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SMART INSIGHTS FROM PROFESSIONAL ADVISERS

4 Ways to Map Out Your Retirement Journey

Before you set out on what could be a 30-year-long road trip, you’ll need a good map.

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From technical glitches on the New York Stock Exchange to economic turmoil in Greece, in today’s information era of 24-hour news cycles, it can be easy to let emotions seep into your investment decisions. As you approach and transition into retirement, buy-and-hold waiting games in times of double-digit fluctuations can be scary and impractical.

SEE ALSO: The 10 Most Important Years of Your Financial Life (& How to Prepare For Them)

The good news is that there is a way to help find some consistency and stability during turbulent markets — without trying to time the market. The key: a comprehensive income plan.

Think of retirement as a cross-country road trip. Sure, the vehicle you take is important, but would you leave your house without a map or GPS? You may encounter some construction or detours along the way that require some minor recalculating to get back to your original path; however, you use the map as a tool to guide you back on your way.

Many times, investors let market diversions completely uproot their investment strategies—the financial equivalent of throwing away your map, parking on the side of the road, or even stopping to sell your car midway through your cross-country adventure. There is a better, more practical way to invest in retirement. An income plan can help create a dependable financial navigation system to take you through your retirement journey — whatever it may bring!

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1) Establish your wants and needs. The first step to any successful plan is identifying how you want your path to look. Where do you want to go, what do you want to see, and what are the dollars and cents you will need to do it? Detail the expenses you’d expect for this journey.

SEE ALSO: 5 Ways To Make Your Money Last Longer in Retirement

2) Identify your income sources. As the paychecks come to an end, what sources of revenue do you anticipate from Social Security, pensions, rental properties or other retirement ventures? By knowing your expenses and income, you can identify the difference you need to fund the gap.

3) Create dependable income. With your income needs established, and after factoring in taxes and inflation over what could be several decades of retirement, you can design a plan to provide the steady, predictable income you need. If you know how much you need to cover your remaining expenses (beyond what the income in Step 2 will cover), you might move a portion of your assets into a variety of reliable income-producing financial vehicles that have low to no market volatility to be sure your retirement paycheck will still come as planned, regardless of what may happen on the news. This could include:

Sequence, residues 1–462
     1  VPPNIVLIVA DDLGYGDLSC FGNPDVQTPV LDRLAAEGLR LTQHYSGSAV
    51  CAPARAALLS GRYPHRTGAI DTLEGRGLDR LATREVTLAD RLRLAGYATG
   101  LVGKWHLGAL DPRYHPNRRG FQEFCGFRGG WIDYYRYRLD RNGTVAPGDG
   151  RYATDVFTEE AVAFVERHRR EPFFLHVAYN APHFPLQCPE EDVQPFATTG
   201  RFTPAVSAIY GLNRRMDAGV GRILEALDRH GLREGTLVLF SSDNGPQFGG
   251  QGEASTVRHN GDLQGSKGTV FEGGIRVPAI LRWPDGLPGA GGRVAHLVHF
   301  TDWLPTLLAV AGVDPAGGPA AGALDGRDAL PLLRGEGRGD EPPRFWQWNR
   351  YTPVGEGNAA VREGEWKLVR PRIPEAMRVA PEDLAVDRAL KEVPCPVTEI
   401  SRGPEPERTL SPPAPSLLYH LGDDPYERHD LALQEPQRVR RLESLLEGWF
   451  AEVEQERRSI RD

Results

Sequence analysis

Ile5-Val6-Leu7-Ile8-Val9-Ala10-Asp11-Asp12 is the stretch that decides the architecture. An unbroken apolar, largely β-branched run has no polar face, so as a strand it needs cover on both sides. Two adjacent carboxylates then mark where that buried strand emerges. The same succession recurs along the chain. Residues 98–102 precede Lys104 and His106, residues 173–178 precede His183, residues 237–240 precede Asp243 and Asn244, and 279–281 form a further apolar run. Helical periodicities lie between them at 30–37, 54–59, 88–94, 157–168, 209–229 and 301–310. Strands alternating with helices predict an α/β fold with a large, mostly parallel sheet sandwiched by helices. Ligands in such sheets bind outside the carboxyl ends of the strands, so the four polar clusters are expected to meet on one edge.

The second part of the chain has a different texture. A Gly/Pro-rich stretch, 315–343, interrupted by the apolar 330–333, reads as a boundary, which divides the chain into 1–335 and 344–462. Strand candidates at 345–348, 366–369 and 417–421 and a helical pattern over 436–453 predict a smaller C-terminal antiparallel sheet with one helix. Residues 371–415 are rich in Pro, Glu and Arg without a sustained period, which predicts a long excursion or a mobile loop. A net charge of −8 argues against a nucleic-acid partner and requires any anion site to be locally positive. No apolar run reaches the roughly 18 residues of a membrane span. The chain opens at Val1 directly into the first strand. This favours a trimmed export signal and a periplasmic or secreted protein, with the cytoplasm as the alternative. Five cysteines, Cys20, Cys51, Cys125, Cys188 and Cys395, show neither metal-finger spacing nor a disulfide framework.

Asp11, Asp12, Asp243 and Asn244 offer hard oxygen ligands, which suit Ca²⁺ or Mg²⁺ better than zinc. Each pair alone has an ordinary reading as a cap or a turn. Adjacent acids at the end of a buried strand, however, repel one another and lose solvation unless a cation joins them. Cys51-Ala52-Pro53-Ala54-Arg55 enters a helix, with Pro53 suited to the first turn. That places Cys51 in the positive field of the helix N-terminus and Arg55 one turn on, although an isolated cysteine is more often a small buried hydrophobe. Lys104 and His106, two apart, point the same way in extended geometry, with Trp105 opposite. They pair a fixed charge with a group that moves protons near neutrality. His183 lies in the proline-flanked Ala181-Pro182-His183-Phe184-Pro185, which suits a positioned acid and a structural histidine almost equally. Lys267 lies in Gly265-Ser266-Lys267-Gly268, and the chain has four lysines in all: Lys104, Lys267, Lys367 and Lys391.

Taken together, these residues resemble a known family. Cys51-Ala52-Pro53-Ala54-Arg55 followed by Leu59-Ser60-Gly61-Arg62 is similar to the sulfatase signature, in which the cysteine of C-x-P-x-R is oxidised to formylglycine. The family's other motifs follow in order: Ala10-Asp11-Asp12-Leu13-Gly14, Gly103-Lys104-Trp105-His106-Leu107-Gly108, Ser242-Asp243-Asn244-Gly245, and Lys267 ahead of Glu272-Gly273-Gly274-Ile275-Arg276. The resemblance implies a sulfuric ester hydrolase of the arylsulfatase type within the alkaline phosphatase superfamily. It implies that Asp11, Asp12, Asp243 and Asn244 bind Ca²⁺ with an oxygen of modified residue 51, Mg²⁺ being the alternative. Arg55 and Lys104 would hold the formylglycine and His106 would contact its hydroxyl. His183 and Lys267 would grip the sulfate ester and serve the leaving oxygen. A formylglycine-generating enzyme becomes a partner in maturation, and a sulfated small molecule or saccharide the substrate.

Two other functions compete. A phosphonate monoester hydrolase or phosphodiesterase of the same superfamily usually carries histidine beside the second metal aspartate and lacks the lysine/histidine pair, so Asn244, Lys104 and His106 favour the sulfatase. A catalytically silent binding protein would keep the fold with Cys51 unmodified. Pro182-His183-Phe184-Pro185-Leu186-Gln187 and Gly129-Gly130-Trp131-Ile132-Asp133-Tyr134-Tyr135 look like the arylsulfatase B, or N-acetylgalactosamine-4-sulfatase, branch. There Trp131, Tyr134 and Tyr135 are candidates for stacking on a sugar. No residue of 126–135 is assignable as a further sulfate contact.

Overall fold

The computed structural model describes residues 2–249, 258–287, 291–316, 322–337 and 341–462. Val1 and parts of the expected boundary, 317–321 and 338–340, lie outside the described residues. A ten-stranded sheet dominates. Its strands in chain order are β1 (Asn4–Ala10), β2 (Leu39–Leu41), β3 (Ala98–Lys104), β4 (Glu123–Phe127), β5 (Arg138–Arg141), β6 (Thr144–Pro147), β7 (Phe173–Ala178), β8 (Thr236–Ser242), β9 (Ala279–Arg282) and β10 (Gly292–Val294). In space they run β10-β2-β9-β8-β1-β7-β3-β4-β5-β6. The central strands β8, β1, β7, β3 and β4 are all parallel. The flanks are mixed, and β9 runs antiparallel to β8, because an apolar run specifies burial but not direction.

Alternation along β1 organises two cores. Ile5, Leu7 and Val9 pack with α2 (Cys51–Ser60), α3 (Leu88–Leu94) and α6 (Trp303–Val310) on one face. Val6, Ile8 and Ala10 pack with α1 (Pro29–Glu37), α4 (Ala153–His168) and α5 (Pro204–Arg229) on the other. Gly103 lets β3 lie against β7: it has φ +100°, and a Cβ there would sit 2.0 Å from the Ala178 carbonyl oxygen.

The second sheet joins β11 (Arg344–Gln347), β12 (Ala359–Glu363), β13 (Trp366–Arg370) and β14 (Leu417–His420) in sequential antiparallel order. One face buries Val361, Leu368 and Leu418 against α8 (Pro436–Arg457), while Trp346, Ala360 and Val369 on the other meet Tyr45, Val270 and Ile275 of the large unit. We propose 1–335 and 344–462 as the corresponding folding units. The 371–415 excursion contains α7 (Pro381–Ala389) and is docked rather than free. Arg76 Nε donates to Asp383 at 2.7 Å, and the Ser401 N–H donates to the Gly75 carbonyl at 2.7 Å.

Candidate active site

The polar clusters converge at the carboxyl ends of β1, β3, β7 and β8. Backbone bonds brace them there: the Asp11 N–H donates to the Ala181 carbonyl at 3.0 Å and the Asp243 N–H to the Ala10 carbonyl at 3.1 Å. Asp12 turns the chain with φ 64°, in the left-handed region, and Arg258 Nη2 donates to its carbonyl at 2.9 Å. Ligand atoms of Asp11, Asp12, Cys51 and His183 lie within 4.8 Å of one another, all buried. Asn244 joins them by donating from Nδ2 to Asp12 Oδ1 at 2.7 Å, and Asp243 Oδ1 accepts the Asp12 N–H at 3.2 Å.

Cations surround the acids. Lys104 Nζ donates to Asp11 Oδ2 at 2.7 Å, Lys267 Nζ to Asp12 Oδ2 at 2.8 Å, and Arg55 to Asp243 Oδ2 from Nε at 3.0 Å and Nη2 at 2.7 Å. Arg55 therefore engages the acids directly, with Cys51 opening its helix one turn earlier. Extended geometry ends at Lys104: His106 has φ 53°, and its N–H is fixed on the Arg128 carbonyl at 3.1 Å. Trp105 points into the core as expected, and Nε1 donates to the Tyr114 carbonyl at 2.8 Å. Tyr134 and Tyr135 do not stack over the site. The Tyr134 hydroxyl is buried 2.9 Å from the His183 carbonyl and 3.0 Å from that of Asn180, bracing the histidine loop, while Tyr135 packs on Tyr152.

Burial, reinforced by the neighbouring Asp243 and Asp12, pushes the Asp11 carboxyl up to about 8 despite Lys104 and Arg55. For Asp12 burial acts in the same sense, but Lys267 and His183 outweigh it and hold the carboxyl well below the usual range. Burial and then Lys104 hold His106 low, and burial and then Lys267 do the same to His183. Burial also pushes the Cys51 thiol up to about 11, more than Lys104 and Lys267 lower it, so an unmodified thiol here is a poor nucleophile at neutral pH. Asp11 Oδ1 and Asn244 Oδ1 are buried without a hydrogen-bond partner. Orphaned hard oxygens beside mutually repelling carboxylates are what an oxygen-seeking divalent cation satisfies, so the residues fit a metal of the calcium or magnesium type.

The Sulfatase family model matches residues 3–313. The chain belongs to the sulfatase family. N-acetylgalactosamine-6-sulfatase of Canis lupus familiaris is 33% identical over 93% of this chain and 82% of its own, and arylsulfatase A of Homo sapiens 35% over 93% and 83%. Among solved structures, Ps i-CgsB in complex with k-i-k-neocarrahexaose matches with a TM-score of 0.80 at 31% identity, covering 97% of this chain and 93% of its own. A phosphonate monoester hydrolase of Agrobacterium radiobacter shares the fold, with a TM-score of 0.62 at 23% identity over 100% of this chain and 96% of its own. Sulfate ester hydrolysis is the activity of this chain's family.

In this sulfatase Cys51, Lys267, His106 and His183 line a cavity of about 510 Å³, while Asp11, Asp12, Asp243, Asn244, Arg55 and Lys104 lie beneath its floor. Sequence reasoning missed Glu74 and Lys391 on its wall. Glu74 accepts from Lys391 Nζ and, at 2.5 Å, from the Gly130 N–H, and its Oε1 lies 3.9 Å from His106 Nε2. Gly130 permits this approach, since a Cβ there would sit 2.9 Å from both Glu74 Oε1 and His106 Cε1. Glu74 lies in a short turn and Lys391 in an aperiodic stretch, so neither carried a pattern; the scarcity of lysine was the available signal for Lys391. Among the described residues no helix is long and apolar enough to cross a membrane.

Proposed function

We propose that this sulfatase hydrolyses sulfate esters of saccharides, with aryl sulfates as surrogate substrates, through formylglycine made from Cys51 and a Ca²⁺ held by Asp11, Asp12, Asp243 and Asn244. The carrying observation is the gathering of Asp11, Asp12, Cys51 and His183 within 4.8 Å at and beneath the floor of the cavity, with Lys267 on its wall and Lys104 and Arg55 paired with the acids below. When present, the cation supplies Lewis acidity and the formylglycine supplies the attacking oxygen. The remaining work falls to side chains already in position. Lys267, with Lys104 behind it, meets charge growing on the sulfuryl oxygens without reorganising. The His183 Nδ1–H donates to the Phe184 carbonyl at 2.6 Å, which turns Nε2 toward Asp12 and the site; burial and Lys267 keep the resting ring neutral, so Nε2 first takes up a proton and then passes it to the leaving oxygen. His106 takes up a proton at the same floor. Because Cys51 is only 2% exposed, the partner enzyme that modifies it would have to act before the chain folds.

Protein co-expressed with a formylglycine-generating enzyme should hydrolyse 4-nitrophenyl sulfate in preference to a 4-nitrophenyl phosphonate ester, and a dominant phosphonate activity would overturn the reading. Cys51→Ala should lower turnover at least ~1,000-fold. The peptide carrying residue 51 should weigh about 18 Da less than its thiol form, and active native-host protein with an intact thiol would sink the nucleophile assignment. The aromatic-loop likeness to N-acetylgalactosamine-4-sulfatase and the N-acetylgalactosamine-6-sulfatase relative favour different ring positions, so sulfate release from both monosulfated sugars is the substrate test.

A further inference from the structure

• Annuities
  • Life insurance contracts paying dividends

4) Carve out an opportunity to sprinkle in some “play money.” One of the biggest mistakes I see retirees make is continuing to invest as if they are still in their working years, which can expose their retirement livelihood to market fluctuations. Whether you thrive on seeing the greater returns of riskier investments or have growth ambitions to maximize your legacy, these types of investments can have their place in a retirement portfolio — when positioned appropriately. Once you have a plan to meet your baseline income needs and be truly comfortable, then you can begin to explore these additional, higher-growth opportunities knowing they may not alter your life plans.

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With these steps in mind, you can be well on your way to having a comprehensive income plan built for retirement. By not relying too heavily on the stock market and diversifying investments based on the goals and needs set out for them, your financial GPS is in place, and you can sit back, relax and enjoy the journey.

Steve Post contributed to this article.

SEE ALSO: Will I Run Out of Money If I Retire?

Christopher Scalese, financial adviser, insurance professional and author of the bookRetirement is a Marathon, Not a Sprint, is the president of Fortune Financial Group. Scalese has spent much of his career assisting with the financial transition from the working years to the retirement years. His primary goal is to help structure finances for steady income, while limiting risk and avoiding unnecessary taxation. Scalese is a financial representative and a life and health insurance licensed professional.

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This article was written by and presents the views of our contributing adviser, not the Kiplinger editorial staff. You can check adviser records with the SEC or with FINRA.

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